How Do Cybercriminals Learn the Tricks of the Trade? They Go to School
If you saw an ad that promised you "a new profession, a new source of income, a completely different quality of life," you might take notice. If it then promised to "show you how to earn money in an interesting, intellectual and amicable way, and find progressive friends and community," that might be the icing on the cake to get you to sign up.
But what if that advertisement was for a legitimate $945 online course to teach you the very not legitimate profession of carding, stealing credit card information and using it to commit credit card fraud?
This is big business, to the tune of a projected $24 billion in 2018, predicts Digital Shadows, a digital risk management firm.
Carding is the act of committing payment card fraud, either through physical card fraud or Card Not Present (CNP) fraud. In the former, carders steal physical card information, put it onto cloned cards and use those cards to buy things. CNP fraud occurs when a customer makes a purchase but the merchant doesn't actually see the card, such as in an online or over-the-phone purchase. Criminals steal that card information and use it to purchase items, which they then resell at lower prices for clean money.
Thanks to the introduction of EMV technology, physical card fraud has gone down, but CNP fraud is booming. The Identity Theft Resource Center and CyberScout have reported that in the U.S., data breaches have hit a record high of 791 for the first six months of the year and are on track to reach 1,500, a 37 percent increase over 2016. The rise of online shopping also contributes to more opportunity to commit crime.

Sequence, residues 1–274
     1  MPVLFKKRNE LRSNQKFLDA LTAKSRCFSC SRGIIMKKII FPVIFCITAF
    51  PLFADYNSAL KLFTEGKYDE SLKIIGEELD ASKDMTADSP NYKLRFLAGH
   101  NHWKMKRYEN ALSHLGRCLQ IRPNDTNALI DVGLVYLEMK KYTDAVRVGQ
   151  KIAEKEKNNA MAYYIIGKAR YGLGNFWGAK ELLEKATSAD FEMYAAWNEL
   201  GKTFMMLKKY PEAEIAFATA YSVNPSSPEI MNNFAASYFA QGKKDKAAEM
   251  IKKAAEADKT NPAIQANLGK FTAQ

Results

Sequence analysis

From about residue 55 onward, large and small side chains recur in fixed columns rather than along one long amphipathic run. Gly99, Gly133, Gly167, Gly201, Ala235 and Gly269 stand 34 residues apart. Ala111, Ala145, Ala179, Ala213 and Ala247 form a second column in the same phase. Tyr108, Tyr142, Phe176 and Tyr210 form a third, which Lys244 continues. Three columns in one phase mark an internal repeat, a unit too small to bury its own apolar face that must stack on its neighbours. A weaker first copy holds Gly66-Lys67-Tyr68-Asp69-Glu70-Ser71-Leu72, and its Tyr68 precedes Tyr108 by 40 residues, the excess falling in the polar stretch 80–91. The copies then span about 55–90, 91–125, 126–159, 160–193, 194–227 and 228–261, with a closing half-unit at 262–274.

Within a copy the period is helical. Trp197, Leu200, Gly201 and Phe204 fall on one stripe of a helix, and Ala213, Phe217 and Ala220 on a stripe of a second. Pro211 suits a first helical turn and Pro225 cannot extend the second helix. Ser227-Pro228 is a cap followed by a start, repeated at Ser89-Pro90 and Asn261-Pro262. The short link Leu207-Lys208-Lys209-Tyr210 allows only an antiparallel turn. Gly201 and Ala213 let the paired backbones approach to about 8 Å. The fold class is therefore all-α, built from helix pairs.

But how does one even get into the carding racket? Increasingly, wannabe cybercriminals go to school.
Online guides and courses are becoming prevalent in criminal online forums and teach people how to become part of the broader chain of card payment fraud. These courses and guides teach the latest techniques and tools for cyberfraud, from finding good targets, to problems within the trade.
They can be as simple as buying a cheap online guide, to one that Digital Shadows studied, a Russian-based six-week class involving lectures, webinars, Q&A sessions, notes and course materials. Cheap guides are buyer-beware--they can have bad or outdated information. The Russian course, Digital Shadows found, has retraining options to keep up on new practices.
After finishing a course, a student is prepared to take on one or more of the different roles within the chain of cyberfraud. These jobs have unique characteristics, but they all rely on each other, and so card payment fraud can become a highly networked system.
Card fraud starts with card data harvesters who do the work of actually stealing credit card numbers. This information goes to a distributor who packages, repackages and sells card information. Then fraudsters purchase that card information and use to buy goods fraudulently. Those purchases are then monetized for cash. Monetization often involves social engineering to convince people to receive or reship stolen goods in a way that looks legitimate. Social engineering also comes into play in hotel and airline fraud, when criminals dupe agents to change the name on a reservation so they can take advantage of it
"The card companies have developed sophisticated anti-fraud measures and high-quality training like this can be seen as a reaction to this," said Rick Holland, VP Strategy at Digital Shadows, in a statement. "Unfortunately, it’s a sign that criminals continually seek to lower barriers to entry, which then put more criminals into the ecosystem and cost card brands, retailers and consumers. However, the benefit is that the criminals are increasingly exposing their methods, which means that credit card companies, merchants and customers can learn from them and adjust their defenses accordingly.”